"I don't think there's much for guys our age to do, and a lot of guys are in the kind of shape you have to be in to play softball." Burns, who catches and plays right field, said he intends to keep playing as long as he's physically able to compete. "Most of us have From page F-3 Hurley also organized last year's Senior Softball Tournament to benefit the Muscular Dystrophy Association, held in Kirby Park. Four teams from Harrisburg, with players from the 50 plus to 65 plus leagues, also took part in the event. He's currently planning this year's tournament, tentatively scheduled for the first week in August, and hopes to include Harrisburg teams and some from New Jersey. Hurley said the fields for the annual tournament are donated by Wilkes-Barre City, the umpires donate their time, and trophies are awarded to winning teams.

George Burns has been driving July 20-Jury 26 Myrtle Beach $609.00 Aug. 1-Aug. 3 Niagara Falls $289.00 state, national and international level in age groups from 50 plus to 75 plus age groups. "It's never too late in the season to start a team in the over 50 league, or even if an individual wants to play," Rhodes said. "If there are enough guys to form a team, they're more than welcome to play." Rhodes, Barbose and Burns all said they'd like to see more senior teams sprout up in the area, which would add to the level of competition in the sport.

"I thought we'd have a better response, but we hit the wall at 50," Rhodes said. "If we could get more folks to take part in an over 50 league, it would be great." For more information on joining or forming a local team, call Mike at 822-2955, or Joe at 824-7133. For information on the national senior softball leagues, call Senior Softball USA at (916) 393-8566. been out there long enough to know. We know we can do it and we'll know when it's time to stop," he said.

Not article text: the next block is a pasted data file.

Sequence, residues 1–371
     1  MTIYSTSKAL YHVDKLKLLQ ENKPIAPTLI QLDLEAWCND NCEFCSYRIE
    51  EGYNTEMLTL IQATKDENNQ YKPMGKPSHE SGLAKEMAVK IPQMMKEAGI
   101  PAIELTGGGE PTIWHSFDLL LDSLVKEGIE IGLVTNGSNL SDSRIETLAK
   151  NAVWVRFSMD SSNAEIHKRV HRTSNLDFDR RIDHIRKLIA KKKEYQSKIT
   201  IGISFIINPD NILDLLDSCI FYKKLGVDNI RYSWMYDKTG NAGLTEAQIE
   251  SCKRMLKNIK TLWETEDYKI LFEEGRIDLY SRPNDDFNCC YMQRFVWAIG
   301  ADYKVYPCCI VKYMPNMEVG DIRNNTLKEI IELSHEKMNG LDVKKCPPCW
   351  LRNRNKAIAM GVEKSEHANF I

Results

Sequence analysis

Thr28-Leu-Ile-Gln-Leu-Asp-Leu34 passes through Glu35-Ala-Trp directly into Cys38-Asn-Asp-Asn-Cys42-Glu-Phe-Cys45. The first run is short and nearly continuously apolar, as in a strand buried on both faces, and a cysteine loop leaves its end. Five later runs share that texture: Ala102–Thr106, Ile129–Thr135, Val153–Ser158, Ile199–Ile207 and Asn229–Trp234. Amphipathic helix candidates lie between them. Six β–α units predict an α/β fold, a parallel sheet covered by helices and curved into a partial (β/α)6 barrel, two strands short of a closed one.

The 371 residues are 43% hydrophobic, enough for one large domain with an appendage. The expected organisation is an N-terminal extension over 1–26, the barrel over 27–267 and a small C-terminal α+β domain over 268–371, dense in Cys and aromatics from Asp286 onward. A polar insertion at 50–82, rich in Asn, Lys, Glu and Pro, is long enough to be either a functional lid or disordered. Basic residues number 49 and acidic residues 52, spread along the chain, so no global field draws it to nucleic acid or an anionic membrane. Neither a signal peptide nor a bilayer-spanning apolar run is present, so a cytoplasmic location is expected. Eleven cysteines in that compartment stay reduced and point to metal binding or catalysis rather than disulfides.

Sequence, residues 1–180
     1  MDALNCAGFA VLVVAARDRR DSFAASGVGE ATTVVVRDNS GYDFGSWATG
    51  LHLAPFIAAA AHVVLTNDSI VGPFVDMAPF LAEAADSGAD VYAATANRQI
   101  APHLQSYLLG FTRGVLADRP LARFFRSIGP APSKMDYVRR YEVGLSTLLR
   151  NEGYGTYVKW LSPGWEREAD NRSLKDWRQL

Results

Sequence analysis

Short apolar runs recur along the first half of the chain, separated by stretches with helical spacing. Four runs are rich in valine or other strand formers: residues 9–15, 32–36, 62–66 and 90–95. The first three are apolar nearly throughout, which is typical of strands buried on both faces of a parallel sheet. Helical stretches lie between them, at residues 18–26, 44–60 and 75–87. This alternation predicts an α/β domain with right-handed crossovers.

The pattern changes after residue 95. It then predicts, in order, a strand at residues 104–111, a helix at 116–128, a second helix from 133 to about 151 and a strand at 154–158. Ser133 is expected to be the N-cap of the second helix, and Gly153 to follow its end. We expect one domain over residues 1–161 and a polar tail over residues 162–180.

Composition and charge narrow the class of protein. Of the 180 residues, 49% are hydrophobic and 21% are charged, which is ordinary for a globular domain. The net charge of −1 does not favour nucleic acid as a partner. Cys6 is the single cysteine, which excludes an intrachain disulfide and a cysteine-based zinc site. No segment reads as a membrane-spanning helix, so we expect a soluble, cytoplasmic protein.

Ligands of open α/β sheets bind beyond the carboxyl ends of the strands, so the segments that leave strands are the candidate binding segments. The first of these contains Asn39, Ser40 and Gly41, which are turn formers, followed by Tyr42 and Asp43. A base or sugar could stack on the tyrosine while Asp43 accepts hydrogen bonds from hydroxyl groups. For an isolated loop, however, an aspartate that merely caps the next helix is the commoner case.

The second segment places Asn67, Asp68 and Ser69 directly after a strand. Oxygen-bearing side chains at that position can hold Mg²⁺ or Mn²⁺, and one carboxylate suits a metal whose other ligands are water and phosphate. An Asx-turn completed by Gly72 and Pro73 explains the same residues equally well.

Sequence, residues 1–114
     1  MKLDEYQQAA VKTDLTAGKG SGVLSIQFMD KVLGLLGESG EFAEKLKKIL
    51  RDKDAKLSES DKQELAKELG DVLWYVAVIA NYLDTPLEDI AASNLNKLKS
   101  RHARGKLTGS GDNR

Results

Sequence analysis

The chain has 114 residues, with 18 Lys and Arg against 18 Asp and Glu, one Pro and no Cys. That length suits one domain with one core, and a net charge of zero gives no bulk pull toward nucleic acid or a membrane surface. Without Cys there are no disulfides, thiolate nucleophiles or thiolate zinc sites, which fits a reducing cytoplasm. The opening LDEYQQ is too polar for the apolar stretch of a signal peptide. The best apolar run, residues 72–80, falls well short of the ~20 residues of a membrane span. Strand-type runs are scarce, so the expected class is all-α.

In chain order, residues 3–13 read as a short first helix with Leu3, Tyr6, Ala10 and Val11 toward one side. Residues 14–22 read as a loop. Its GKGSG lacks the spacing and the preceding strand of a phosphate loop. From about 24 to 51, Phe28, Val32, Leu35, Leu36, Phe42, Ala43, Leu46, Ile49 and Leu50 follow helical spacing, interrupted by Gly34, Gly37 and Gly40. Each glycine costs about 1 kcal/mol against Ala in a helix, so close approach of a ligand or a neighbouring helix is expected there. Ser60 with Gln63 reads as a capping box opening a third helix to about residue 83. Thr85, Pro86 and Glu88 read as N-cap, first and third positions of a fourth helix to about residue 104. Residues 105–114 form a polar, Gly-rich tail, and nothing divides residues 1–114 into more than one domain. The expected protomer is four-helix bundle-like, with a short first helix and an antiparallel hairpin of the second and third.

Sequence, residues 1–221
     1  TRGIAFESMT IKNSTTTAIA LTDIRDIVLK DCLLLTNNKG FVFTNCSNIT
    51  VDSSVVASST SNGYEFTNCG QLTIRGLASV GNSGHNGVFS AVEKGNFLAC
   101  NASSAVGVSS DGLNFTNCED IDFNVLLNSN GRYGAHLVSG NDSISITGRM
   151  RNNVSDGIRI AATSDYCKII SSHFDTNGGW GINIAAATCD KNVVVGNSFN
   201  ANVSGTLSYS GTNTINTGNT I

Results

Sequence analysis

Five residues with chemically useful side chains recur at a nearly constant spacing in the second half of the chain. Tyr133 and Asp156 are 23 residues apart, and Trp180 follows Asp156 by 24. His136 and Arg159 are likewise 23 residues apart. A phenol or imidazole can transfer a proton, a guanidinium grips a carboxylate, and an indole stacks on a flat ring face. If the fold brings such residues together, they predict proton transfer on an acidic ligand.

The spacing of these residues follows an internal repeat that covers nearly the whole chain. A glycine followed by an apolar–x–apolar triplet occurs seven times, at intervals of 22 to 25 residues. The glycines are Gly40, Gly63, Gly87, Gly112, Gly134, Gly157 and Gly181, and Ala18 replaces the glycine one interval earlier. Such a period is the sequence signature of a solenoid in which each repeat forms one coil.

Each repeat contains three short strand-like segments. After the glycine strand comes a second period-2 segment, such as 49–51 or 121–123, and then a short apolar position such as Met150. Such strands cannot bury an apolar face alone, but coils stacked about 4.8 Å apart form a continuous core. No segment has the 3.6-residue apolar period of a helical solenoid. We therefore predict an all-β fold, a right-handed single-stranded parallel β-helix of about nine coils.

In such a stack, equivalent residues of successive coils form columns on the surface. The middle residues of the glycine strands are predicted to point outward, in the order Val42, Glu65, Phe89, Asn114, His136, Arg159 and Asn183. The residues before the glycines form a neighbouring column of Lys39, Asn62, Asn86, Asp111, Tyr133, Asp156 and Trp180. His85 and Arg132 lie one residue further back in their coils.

Chet Rhodes of Wilkes-Barre has been playing softball for close to 20 years, spending the last few years in the over 50 league. Rhodes said he, too, still enjoys the game. "We have a lot of fun," he said. "We keep it competitive, but fun." Rhodes appreciates the unique rules governing the senior leagues' games, which are adjusted according to the various age groups. "We go at a slightly slower pace, avoiding injuries if possible, and have some fun along the way," he said.

Barbose agreed, saying, "The good thing about it is that it's hard to get hurt." Senior softball has become such a national pastime that there are softball publications dedicated to the sport, and tournaments and championships are held on the Aug. 2-Aug. 3 Washington, D.C $159.00 Aug. 4-Aug. 8 Cape Cod (Whale Watch) $479.00 Aug.

9-Aug. 16 Mackinac Island $859.00 Aug. 22-Aug. 24. Baltimore Annapolis $259.00 Aug.

30-Sept. 6 Branson, Missouri $769.00 Sept. 9-Sept. 14 Nashville $535.00 Sept. 18-Sept.

21 MontrealQuebec $489.00 Sept. 21-Sept. 26 Gatlinburg, Tenn $539.00 Sept. 28-Oct. 4 Myrtle Beach $549.00 Oct.

25-Nov. 2 GEORGE R. COAR, M.D. Orlando, Florida $379.00 Nov. 1-Nov.

8 New Orleans $689.00 RULES from page F-3 Using pitching mounds is forbidden pitchers use instead a designated pitching area. The pitching area is located 50 feet from home plate instead of 46 feet to allow for more reaction time. Runners are allowed to run past the second and third bases instead of holding the bag as in regulation play. Although home plate is a regulation size 12x22 inches, a rug or mat is used to enlarge it to 34x22 inches. If a ball hits any part of home plate or the rug, it's a strike.

Players wearing metal cleats will be ejected from the game. One courtesy runner is allowed for each inning, but each player on the roster can be used only once per game. SCHEDULE from page F-3 Mike's Team: No games during the week of July 4: July 7 Comfort Design vs. Mike's Team; Metzger's Cleaning Service vs. Barbose Masonry: July 14 Metzger's Cleaning Service vs.

Mike's Team; Comfort Design vs. Barbose Masonry: July 21 Comfort Design vs. Metzger's Cleaning Service; Mike's Team vs. Barbose Masonry: July 28 Mike's Team vs. Comfort Design; Barbose Masonry vs.

Metzger's Cleaning Service: Aug. 11 -Play-offs: Aug. 25 Championships. BOARD CERTIFIED EYE PHYSICIAN and SURGEON Small Incision Cataract Surgery Nov. 7-Nov.

9 Wheeling, W. Virginia I -0 (Festival Of $259.00 CALL FOR TOUR DETAILS Charter Service We make all the arrangements For appointments call 779-7737.

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Pages Available:
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Years Available:
1978-2024